Why reputation is all in the world of the FSB and SIS


The work of the world's intelligence services is broadly similar but their areas of responsibility do not coincide.

The Russian Federal Security Service - Federal'naya sluzhba bezopasnosti, or FSB - still numbering an estimated 75,000 people - covers some of the areas of the British "Security Service" MI5, which is responsible for counter-intelligence and counter-terrorism, and the Secret Intelligence Service, SIS, which spies abroad and is often known by its historic title, MI6.

The Security Service, headed by Stephen Lander, who took over from Stella Rimington just after Easter is based at Thames House, on Millbank in London: SIS, headed by David Spedding, is based across the Thames, at Vauxhall Cross. Each of the British services numbers about 2,000 people, although the numbers are misleading as they also use many agents and informers who are not full-time employees.

Some of the operations undertaken by the British SIS also fall under the purview of Russian military intelligence - GRU, the Main Intelligence Directorate, which has not diminished since the demise of the Soviet Union.

Although the British Intelligence services shared a common origin, they were soon split and developed a different ethos and even, in some cases, a mutual hostility. Whereas SIS maintained a certain glamour through its association with the Foreign Office, MI5's modus operandi is often portrayed as rather mundane, police-style work. MI5 has no executive authority: if they catch anyone spying they report it to Special Branch.

Both services were founded in March 1909 as the Secret Service Bureau under the leadership of Captain Vernon Kell and Captain Mansfield Cumming (known as "C" - the origin of Ian Fleming's "M" in the James Bond spy-thrillers). In October 1909 functions were divided, Kell took responsibility for counter-espionage within the British Isles and "C" for gathering intelligence overseas.

The Russian security service is the heir of the Soviet "Committee for State Security" - the KGB. At its height in the mid-1980s the KGB ran a network of some 400,000 agents in Russia and an army of 200,000 elite troops, including border guards. However, the First Chief Directorate (Foreign Intelligence) - the equivalent of SIS - numbered just 12,000. Immediately after the break-up of the Soviet Union at the end of 1991 the service was split up. The covert elements of the service were split into intelligence and counter-intelligence, mirroring its British counterpart. In March 1995 it was reunited under Colonel General - now Army General - Mikhail Barsukov, a Yeltsin ally.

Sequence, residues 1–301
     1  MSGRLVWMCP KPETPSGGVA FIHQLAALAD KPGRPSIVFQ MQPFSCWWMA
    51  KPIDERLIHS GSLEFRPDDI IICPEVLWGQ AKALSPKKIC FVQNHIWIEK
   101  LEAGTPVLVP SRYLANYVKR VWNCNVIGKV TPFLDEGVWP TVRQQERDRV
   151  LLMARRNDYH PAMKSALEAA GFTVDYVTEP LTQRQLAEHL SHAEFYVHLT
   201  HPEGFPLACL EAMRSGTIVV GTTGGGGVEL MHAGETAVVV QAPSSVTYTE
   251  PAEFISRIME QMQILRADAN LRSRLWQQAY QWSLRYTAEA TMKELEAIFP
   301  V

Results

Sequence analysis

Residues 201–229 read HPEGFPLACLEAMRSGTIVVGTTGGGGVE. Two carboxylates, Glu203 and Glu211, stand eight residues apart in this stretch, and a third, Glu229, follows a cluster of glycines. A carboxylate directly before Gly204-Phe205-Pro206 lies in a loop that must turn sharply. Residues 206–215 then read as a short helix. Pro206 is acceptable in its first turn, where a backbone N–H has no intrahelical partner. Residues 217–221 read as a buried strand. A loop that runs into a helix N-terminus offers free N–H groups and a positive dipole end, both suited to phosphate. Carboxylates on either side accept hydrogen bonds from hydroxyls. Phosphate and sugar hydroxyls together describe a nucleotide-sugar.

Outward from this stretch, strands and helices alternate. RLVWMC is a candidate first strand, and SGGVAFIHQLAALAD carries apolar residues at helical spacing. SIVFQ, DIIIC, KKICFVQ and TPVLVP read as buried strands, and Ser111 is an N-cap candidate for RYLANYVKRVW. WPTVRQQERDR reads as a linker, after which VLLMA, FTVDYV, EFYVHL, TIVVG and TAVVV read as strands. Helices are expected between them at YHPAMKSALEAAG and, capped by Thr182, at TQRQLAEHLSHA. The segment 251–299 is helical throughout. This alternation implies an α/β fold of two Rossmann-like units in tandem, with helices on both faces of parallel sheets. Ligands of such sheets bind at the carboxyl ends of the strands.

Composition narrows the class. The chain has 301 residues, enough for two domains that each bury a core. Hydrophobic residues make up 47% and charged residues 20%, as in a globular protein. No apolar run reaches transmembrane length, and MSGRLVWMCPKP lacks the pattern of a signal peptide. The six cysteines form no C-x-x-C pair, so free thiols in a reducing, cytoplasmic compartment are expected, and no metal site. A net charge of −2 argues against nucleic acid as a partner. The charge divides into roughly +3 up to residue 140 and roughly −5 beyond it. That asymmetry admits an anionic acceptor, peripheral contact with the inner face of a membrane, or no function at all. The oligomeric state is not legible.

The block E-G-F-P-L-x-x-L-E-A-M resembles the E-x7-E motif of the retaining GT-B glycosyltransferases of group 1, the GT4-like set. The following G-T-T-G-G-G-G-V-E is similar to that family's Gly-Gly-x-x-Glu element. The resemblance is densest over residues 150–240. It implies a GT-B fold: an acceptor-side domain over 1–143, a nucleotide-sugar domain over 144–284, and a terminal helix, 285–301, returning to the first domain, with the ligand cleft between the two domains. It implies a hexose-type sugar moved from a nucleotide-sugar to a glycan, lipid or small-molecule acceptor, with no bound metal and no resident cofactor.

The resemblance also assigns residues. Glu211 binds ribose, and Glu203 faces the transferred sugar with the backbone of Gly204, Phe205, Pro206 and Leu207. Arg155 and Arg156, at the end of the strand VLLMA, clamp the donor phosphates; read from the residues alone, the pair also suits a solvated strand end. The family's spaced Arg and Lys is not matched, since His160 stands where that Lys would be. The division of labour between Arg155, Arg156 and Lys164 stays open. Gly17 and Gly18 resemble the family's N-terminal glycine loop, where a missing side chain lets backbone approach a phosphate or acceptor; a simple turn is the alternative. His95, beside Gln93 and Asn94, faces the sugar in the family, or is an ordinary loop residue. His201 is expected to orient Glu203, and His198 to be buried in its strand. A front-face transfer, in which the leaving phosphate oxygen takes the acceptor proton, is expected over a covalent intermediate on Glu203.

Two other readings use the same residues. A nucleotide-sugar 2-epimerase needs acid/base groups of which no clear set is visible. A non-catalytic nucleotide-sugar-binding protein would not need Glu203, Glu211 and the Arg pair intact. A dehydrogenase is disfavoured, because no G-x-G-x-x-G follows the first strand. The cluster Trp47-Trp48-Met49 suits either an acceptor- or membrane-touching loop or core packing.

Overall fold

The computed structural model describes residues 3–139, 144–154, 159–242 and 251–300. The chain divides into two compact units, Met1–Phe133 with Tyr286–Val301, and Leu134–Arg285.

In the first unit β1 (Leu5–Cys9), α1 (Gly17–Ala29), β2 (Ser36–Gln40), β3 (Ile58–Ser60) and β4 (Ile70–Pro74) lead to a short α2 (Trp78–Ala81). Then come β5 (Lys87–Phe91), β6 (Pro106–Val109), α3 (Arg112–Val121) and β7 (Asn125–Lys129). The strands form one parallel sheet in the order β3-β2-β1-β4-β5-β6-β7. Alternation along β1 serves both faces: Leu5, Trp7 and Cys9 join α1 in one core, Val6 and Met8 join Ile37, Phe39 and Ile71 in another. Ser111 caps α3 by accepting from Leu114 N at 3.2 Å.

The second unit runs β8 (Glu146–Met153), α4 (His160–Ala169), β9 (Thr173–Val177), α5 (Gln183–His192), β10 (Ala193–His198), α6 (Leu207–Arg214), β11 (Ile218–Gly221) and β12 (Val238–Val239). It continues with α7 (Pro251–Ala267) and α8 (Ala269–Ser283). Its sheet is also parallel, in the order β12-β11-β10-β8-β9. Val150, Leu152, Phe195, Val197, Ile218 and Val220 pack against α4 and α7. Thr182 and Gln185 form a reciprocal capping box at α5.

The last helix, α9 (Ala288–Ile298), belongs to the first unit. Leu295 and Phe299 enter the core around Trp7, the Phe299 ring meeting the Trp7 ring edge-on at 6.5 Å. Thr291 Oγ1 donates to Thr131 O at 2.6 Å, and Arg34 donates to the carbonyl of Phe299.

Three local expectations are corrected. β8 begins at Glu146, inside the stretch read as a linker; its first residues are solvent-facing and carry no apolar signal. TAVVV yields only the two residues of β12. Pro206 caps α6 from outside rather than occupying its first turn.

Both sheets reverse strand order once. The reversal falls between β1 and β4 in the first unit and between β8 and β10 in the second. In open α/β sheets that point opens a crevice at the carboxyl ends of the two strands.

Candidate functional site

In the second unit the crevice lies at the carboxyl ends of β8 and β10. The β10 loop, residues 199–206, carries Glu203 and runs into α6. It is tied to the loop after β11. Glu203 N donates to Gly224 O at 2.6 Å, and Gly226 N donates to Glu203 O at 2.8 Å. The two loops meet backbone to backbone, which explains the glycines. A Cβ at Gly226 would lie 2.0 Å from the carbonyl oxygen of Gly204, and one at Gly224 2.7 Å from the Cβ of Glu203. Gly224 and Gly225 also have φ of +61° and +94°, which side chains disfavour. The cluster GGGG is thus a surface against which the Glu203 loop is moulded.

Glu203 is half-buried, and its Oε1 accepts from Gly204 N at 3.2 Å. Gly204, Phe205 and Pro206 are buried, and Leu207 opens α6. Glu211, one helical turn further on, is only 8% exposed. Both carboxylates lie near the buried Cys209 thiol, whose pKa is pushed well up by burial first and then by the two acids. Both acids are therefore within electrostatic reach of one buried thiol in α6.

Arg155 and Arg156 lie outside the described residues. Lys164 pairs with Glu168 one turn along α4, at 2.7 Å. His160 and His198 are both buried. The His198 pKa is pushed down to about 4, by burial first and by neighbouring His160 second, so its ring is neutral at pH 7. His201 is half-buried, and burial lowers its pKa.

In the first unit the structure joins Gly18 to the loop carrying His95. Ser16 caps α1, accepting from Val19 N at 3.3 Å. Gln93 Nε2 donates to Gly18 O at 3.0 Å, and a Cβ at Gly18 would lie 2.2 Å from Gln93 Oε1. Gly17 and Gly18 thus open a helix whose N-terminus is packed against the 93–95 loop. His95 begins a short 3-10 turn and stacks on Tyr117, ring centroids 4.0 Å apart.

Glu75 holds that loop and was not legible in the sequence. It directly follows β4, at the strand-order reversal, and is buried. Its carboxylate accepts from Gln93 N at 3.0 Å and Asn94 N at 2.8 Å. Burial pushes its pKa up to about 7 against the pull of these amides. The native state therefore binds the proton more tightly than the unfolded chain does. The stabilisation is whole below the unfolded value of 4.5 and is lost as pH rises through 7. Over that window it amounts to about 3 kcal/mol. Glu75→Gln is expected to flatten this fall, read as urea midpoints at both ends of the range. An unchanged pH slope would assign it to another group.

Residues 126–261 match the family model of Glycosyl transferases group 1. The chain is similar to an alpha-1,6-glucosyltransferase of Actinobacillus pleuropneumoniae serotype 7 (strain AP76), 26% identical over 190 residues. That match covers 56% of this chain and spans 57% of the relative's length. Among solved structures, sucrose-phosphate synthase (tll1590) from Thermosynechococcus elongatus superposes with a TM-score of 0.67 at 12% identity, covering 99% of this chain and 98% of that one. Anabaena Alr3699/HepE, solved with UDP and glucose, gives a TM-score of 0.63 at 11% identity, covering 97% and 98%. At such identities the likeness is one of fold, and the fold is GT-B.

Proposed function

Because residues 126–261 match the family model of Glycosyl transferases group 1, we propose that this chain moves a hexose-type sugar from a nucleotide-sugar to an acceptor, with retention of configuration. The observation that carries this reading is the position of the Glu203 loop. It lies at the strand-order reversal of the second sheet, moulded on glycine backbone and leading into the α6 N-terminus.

Barsukov was held responsible for the disastrous handling of the hostage crisis at Budyennovsk last year, and security experts yesterday said the Russian demand for the expulsion of nine British diplomats might be an attempt to restore the FSB's reputation. Significantly, pressure for hard-line action came from the FSB and not from the Russian Foreign Ministry.

The reputation of an intelligence service is as important as its performance, and the British services have been well-regarded of late. Their biggest embarrassment occurred in the 1960s when members of the Cambridge spy ring recruited in the 1930s - Kim Philby, Anthony Burgess and Donald Maclean - were revealed as highly placed KGB agents. Sir Anthony Blunt and Roger Hollis followed.

In contrast to the secretive nature of the British and Russian intelligence services, the US Central Intelligence Agency (CIA) maintains a relatively high profile. Headed by John Deutch, a former deputy defence secretary appointed by President Clinton a year ago, it has 28 separate intelligence bodies covering everything from political and economic to purely military intelligence, where it sometimes clashes with the the Defense Intelligence Agency (DIA), much like its British and Russian equivalents.

The total US intelligence budget is $28bn (pounds 18bn) but the exact amount is secret. Its biggest success was undoubtedly the overthrow of communism: its biggest embarrassment was the Bay of Pigs fiasco in 1961, when the CIA masterminded the landing of a small army of Cuban exiles on the south Cuban coast. The CIA's reputation has been damaged by two recent scandals.

In 1994 it was discovered that veteran CIA officer Aldrich Ames had been selling secrets to the former Soviet Union, and last year it emerged that a murderous Guatemalan colonel had been on the CIA payroll.

Suggested Topics